Author’s note: Fiction is a mysterious mix of truth and imagination. I offer this fictional story in memory of my Grandma Sandel whose presence at my high school Christmas concerts meant everything to me.
A silvery ribbon of soprano, my voice hung in the still air of the high school auditorium. A spotlight illuminated a circle around me as I stood next to the black Steinway, a 16-year-old woman dressed in a floor-length, soft blue crepe evening gown, tied with a midnight velvet sash. Formal long white gloves were drawn up to the puffy sleeves of the dress, which my mother had made for this Christmas concert.
I had just sung Lo’ How a Rose E’re Blooming. My voice, amplified by the microphone, wavered on the first acapella notes, but then grew steady, powerful enough to fill the darkness. I’d beat out the best voice in the senior concert choral when I auditioned to be the soloist. Nobody knew that I’d wanted to be a singer since I was a small girl. I dreamed of celebrity and recognition. Recognition of my voice. Recognition that it was special. Recognition that would never come.
My grandmother, my father’s mother, was in the audience. I sang for her. Grandma was special to me – a soft pillow tucked in the corner of my heart. She had been an opera singer in her home country of Poland. She was the same age as I when she sang her first solo concert at the glorious Krakow Philharmonic Hall. She’d performed selections from Puccini, whose music we both adored.
The story goes that the maestro, a dashing Pole with raven black hair and green eyes seduced her. She became pregnant. Ashamed, my ancestors put their maiden daughter on a boat to Ellis Island, to the Americas. She miscarried on the stormy, Atlantic crossing. I imagined that her first glimpse of the Statue of Liberty was a moment of fierce victory for having survived, and of barren emptiness.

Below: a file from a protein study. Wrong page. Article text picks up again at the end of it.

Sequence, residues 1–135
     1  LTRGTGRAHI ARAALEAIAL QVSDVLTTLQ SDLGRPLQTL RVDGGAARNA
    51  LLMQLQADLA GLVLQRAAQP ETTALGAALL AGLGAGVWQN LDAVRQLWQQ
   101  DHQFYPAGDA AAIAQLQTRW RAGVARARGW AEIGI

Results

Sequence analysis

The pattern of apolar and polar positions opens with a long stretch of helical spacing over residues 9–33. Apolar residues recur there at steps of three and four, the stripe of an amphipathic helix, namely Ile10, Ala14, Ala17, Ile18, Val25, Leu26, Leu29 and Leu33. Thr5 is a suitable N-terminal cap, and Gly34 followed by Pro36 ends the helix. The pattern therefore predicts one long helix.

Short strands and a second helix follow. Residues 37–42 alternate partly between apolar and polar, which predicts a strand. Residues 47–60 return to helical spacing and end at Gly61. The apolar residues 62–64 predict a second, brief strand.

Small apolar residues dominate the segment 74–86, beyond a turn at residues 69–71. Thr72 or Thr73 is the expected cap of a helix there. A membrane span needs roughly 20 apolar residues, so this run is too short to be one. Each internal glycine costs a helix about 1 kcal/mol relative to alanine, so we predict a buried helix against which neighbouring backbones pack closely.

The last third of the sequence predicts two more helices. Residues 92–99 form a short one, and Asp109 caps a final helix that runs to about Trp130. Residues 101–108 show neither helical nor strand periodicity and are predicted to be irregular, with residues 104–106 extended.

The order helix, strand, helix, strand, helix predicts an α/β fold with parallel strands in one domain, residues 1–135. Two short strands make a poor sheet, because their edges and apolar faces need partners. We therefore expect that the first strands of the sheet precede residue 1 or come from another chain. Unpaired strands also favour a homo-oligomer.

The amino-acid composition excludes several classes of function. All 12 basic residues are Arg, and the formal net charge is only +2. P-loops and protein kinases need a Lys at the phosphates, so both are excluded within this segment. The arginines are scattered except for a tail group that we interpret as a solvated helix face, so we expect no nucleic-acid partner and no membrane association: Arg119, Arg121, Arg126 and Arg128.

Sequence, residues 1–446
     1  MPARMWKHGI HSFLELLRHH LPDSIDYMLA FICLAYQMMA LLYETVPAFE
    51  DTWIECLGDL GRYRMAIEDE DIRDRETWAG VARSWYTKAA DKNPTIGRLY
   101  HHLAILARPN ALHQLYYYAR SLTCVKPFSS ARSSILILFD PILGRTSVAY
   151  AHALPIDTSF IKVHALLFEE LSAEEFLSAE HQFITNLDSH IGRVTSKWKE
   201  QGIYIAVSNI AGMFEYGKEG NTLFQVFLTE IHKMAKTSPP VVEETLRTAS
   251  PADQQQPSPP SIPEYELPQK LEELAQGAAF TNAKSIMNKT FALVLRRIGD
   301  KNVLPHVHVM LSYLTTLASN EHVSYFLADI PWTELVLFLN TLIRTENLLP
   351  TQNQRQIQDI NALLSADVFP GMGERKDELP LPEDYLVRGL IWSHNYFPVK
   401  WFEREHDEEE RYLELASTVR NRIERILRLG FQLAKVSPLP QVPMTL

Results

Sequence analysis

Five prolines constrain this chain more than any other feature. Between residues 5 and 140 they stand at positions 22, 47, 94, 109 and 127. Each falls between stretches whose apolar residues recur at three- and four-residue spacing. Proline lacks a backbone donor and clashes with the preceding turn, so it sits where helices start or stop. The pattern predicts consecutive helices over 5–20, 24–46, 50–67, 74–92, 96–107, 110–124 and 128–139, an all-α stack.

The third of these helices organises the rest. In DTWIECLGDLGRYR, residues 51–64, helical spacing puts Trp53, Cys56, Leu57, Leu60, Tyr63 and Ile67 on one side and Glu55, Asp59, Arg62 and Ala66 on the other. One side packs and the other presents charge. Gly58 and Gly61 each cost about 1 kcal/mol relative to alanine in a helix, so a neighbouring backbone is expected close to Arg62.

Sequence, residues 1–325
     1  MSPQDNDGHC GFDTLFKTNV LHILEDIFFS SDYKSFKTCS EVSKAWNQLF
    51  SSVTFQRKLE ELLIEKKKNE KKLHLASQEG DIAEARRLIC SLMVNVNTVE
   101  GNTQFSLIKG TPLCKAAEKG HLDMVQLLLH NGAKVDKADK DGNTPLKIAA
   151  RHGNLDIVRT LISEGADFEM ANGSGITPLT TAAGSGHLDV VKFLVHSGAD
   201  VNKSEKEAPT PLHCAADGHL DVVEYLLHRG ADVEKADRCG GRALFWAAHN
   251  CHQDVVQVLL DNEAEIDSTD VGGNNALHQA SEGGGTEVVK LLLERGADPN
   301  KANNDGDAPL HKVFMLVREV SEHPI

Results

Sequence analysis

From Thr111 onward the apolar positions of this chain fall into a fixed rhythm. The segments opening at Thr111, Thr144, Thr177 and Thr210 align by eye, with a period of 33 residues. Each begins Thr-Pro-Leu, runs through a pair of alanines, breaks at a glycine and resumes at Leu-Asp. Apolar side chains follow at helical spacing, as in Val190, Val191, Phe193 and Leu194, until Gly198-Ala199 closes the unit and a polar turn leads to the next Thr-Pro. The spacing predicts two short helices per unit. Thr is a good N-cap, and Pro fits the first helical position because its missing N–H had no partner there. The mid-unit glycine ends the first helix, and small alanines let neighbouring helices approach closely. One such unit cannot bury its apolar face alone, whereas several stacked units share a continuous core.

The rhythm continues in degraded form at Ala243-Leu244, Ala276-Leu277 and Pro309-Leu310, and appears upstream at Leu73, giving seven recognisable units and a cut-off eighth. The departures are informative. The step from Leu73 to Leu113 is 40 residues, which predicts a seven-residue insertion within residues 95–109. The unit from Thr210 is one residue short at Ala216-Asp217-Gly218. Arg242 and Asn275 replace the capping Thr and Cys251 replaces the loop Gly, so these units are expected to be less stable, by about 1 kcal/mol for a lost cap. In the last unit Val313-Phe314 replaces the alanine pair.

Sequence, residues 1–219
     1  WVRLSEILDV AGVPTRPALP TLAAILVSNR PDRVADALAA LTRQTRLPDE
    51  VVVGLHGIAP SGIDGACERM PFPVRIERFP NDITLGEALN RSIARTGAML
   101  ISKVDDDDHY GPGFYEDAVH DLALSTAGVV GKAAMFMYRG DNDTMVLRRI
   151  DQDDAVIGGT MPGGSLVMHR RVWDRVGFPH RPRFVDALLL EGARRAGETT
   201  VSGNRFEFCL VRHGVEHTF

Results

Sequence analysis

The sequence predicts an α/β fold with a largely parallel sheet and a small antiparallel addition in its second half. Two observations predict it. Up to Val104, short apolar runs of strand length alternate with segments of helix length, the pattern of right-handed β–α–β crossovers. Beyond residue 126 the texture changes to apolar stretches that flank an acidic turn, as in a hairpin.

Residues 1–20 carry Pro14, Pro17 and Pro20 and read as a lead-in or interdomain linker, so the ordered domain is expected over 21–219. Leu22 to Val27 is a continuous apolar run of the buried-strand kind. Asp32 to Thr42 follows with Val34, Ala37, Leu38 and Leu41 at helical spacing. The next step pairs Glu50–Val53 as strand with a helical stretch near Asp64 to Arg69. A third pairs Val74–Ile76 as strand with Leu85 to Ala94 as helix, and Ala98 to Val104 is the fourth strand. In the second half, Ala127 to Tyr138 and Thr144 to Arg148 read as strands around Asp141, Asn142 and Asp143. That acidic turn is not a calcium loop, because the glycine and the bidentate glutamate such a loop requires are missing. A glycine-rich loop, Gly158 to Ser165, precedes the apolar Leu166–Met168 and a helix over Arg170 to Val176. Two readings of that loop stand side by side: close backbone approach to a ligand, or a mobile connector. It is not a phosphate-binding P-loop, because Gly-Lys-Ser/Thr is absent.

My grandma never sang again. Except once, for me, when I was seven years old. My parents had dropped me at her modest home in a Polish neighborhood of Detroit, so they could go Christmas shopping. After Grandma and I drank tea with milk, I followed her into the cold, dark basement where she kept her Victrola. She asked me to sing for her. “I can’t Grandma,” I said. “I’m not good at it.”
Puzzled, I watched her pull a tiny brass key out of her bra. She reached behind the mahogany record player and pulled out a square crimson velvet jewelry box. She opened it and turned it over. I gasped when two bold earrings dropped into her wrinkled palm. Their quarter-sized lobes were circles crusted with diamonds. The dropped loops, at least two inches long, sparkled with more diamonds.
Grandma clipped the jewels onto her ears. She straightened. Her shapeless cotton shift draped a body heavy with age. I thought she was the most beautiful woman I’d ever seen. Grandma slipped a recording of Puccini’s music out of a cream-colored paper sleeve. The Victrola’s speakers crackled as the needle skipped over a well-worn vinyl record.
My arm was slung around one of the rusty steel poles that held up the basement ceiling. Grandma looked straight at me. She sang, “O mio babbino caro.” The sound echoed into the cement cavern and filled it with light, with God. My ears were flooded with love. I thought the beauty would burst my heart. When she finished singing, Grandma dropped to her knees. She dried my tears with her flour-speckled apron. “Don’t cry little one,” she said. “You have a gift. I have given you, my voice.”
© Linda Sandel Pettit, Ed.D., 2022
Photo courtesy of istockphoto.com
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Linda Sandel Pettit, Ed.D. inspires intuitive-creative women healers to use their healing modalities, speaking voices, and written words to unfold and share the wisdom of the Sacred Feminine.
She offers The Writer’s Sanctuary, a very small group program for women who want to become better writers, be accountable to their craft, and publish.
Visit www.lindasandelpettit.com to learn more about The Writer’s Sanctuary and her array of programs and masterclasses. Apply by January 1st, 2023 and enjoy a 20% discount.
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